Rubles in the Near Abroad: Rockets and pipelines
In our monthly Russian business briefing: Uzbekistan dithers, Azerbaijan offers a backdoor to Europe, and the rocket that fell on Kazakhstan will not frustrate a new $1 billion test range.
President Shavkat Mirziyoyev has finally commented on Uzbekistan’s months-long flirtation with the Eurasian Economic Union – and kicked the can further down the road.
In his January 24 state-of-the-nation address, Mirziyoyev said his "government is studying avenues to cooperate with the EAEU." He outlined the logic for joining, but made no commitment. Instead, he said, Uzbekistan would seek observer status for now.
Kremlin-owned Sputnik interpreted this as a sure path to full accession. Although Mirziyoyev gave himself wiggle room, membership is probably the only status that would interest Moscow. Allowing one ex-Soviet state some of the benefits of the Russian-dominated union without having to accept its costs would risk setting a precedent that could diminish the struggling project.
Like any trade bloc, the EAEU offers potential benefits – and risks that membership will close out potential investors. Uzbekistan's Ministry of Investment and Foreign Trade reported on January 19 that foreign direct investment had risen to $9.3 billion in 2019, with Russia being the second-largest investor, after China but ahead of Germany. Yet the ministry also noted these three countries together underwrote 34 percent of FDI; about 50 other countries contributed the remainder.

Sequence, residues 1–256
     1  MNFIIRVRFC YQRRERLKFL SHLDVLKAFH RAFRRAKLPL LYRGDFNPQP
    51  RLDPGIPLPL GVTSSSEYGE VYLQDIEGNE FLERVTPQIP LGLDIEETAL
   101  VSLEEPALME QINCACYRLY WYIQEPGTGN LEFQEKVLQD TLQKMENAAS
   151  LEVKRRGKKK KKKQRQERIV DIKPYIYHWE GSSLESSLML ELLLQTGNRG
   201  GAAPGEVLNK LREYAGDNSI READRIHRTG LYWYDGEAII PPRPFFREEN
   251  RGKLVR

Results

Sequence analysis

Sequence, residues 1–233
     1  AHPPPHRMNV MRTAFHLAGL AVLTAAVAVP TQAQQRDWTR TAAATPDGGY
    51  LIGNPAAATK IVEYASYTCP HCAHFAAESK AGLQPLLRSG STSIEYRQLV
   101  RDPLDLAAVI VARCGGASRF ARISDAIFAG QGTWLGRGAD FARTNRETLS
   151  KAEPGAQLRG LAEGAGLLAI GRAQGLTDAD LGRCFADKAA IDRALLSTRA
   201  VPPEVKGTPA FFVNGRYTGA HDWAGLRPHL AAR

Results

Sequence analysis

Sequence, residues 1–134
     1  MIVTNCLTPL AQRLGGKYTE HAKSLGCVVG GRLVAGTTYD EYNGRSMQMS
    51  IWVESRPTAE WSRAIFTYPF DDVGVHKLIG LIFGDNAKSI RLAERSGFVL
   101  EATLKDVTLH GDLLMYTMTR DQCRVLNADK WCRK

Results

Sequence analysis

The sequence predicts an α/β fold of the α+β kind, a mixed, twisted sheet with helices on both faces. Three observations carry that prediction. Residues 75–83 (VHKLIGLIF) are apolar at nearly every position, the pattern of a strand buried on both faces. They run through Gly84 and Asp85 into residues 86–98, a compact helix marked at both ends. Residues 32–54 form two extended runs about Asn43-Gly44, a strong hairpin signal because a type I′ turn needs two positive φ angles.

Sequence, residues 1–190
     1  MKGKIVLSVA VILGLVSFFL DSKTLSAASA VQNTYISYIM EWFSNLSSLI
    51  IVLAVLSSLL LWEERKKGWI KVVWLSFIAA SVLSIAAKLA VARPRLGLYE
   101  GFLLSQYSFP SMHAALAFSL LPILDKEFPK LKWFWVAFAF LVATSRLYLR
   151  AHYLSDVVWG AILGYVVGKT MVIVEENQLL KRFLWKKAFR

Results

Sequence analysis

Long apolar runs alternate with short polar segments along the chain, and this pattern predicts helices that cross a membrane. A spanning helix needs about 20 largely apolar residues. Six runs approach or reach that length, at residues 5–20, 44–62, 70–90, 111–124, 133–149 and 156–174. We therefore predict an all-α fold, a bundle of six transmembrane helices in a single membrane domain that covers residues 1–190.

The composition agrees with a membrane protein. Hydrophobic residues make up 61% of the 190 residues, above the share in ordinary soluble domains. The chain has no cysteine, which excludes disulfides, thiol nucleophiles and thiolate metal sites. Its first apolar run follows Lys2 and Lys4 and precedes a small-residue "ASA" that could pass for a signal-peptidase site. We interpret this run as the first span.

Although closer ties with Moscow seem genuinely popular, Russian investments still prompt controversy.
For example, reports that Russian oil firm Lukoil enjoys 90 percent of the profits from its production sharing agreement with Uzbekneftegaz caused “widespread debate” on social media, Kun.uz reported on January 21. The Energy Ministry clarified that profits are split evenly; and though the consortium is 90 percent owned by Lukoil, the Russian company is responsible for all capital investments. Nonetheless, the Lukoil tie-up has fueled local anxiety before. Last year, after Reuters reported that Tashkent owed the firm around $600 million, the president said the production sharing agreement had not taken into account Uzbekistan’s “national interests.”
Relations between Russia and existing EAEU members are not without controversies either. Nowhere is this clearer at the moment than Belarus, which has been arguing for weeks with Moscow over how to tax Russian crude. The fight highlights how the bloc often struggles to address fundamental aspects of regional trade. Disputes also arise frequently between members in Central Asia, as Eurasianet reported this week with a dispatch from the Kazakhstan-Kyrgyzstan border, where Kyrgyz truck drivers say membership in the EAEU has made border checks more onerous.
Moscow and Nur-Sultan occasionally spar over the Russian-controlled Baikonour space complex and other missile testing facilities in Kazakhstan. The environmental fallout and health concerns make launches particularly unpopular.